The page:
The upper portion of the Waller Creek watershed was selected as the study area for the modeling exercise and the pilot program for several reasons. It is the smallest, fully-urbanized section of a watershed for which we have long-term data about flows in the creek. These things are important because:

  • Urbanized - Being fully urbanized is important because in order to examine the effects rain gardens and cisterns have on the creek the study area and data should not be confused by large changes in development.
  • Small - A small area helps us implement a meaningful program on the ground and measure the effects in a reasonable time frame, years instead of decades.
  • Long-term data - Having long-term data about the creek helps us capture the natural variability in the creek flows before cisterns and raingardens are implemented. This helps us measure if there are changes in a rigorous way.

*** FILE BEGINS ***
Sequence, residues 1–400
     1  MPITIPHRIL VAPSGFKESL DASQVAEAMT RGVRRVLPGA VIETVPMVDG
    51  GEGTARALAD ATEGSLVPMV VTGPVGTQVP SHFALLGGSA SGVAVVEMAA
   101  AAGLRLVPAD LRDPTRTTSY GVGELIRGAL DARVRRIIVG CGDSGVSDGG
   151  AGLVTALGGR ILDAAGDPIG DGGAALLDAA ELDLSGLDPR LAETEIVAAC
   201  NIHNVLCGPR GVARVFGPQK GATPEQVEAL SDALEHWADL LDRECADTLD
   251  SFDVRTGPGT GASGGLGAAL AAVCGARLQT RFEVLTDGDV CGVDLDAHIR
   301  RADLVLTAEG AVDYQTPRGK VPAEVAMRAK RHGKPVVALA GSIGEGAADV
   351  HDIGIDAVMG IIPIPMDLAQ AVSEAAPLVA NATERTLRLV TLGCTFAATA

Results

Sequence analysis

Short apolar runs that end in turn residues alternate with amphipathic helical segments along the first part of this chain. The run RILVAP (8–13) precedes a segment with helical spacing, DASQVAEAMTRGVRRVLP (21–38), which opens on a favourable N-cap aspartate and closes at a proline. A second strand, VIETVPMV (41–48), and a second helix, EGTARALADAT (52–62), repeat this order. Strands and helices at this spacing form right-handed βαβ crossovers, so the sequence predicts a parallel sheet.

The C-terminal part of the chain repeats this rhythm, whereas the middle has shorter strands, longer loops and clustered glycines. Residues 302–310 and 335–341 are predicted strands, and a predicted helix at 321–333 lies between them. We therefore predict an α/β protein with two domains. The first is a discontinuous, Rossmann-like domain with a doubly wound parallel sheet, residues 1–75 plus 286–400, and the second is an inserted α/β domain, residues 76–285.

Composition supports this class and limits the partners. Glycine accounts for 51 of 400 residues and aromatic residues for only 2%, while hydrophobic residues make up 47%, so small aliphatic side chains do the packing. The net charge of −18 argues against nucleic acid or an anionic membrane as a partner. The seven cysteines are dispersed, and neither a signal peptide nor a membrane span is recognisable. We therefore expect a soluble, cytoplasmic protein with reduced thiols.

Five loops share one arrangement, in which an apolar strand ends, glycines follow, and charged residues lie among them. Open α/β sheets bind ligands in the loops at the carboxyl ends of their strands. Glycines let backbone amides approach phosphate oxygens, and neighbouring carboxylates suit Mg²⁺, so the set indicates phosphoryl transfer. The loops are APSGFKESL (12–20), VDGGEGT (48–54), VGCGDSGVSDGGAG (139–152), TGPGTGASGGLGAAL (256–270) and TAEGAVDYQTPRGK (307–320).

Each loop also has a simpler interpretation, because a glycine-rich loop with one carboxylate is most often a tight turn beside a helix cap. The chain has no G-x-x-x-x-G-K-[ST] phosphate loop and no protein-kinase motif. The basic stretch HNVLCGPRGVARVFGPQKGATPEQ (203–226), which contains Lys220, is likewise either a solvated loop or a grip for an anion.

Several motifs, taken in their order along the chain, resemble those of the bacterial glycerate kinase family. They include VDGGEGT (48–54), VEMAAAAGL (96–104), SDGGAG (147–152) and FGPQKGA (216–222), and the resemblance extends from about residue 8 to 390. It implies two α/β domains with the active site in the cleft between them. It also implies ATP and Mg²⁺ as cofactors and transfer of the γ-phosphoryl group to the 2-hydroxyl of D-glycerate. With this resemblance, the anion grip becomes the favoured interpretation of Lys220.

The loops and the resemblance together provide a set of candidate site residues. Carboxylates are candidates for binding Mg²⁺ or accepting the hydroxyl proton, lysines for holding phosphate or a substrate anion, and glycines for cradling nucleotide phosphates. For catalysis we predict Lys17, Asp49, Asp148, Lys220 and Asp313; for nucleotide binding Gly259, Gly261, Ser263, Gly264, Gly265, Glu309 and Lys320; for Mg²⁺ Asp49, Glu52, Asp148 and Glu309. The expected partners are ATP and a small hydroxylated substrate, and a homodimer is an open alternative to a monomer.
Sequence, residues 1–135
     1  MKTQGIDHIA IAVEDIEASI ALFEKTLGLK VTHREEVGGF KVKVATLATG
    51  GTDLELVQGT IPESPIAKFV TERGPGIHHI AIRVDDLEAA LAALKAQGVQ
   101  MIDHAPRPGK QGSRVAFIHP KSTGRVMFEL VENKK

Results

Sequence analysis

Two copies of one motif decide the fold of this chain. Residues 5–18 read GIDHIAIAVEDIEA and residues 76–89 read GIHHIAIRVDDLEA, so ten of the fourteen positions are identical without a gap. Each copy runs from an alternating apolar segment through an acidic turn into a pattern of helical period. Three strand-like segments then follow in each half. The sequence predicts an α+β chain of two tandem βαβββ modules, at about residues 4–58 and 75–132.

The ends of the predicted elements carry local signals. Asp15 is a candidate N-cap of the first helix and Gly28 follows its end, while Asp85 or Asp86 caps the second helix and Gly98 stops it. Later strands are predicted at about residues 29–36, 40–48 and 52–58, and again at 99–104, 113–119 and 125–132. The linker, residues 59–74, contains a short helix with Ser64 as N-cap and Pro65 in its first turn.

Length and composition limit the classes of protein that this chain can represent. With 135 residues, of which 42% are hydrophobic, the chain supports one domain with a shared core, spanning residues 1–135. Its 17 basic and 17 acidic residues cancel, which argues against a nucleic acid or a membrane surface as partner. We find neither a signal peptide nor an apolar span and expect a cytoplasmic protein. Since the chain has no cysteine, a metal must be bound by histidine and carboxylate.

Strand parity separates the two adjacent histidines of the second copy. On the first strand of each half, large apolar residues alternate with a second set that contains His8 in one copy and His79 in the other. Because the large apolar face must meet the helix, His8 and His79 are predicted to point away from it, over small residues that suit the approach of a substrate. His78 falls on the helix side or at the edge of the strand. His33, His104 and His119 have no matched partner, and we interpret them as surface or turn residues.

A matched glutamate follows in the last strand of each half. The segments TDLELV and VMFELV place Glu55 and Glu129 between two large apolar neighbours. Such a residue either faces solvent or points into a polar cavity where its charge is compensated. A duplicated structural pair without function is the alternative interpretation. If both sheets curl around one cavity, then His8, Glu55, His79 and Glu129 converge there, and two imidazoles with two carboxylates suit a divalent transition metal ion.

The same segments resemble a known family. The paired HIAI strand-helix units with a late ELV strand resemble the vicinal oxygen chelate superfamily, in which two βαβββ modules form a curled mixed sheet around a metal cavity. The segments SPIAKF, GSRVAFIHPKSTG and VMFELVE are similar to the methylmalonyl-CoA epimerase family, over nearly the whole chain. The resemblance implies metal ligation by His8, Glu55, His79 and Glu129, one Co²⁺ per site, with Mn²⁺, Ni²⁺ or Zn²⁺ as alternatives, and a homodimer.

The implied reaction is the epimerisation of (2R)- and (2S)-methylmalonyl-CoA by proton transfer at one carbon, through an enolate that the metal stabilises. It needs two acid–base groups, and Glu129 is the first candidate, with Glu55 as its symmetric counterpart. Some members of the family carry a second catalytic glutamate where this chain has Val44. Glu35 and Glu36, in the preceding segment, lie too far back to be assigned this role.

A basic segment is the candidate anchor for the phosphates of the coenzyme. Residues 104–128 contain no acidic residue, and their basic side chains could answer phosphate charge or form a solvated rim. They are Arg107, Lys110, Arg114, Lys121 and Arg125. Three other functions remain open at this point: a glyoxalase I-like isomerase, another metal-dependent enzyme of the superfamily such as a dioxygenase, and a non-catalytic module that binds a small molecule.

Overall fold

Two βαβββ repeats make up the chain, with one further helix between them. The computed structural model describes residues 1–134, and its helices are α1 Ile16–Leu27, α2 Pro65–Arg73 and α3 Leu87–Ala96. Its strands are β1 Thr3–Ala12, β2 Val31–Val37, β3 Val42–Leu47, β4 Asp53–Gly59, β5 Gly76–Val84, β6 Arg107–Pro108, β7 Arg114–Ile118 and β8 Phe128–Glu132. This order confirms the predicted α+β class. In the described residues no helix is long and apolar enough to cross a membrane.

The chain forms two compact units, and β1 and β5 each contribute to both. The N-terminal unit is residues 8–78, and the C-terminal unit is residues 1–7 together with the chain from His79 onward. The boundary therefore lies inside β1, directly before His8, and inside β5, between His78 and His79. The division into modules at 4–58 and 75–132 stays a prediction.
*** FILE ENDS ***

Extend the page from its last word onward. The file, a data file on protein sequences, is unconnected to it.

The City of Austin’s Rain Catcher Pilot Project is collaborating with The Nature Conservancy through their Build Healthy Cities initiative to learn about motivators for adopting green stormwater infrastructure. Behavioral science suggests that behavioral nudges, especially those that leverage social influences, may be powerful motivators that could lead to increased adoption rates in the pilot program. The Nature Conservancy is providing guidance plus conducting surveys and small focus groups to help refine outreach related to this pilot program. These finds can be applied to other urban conservation programs.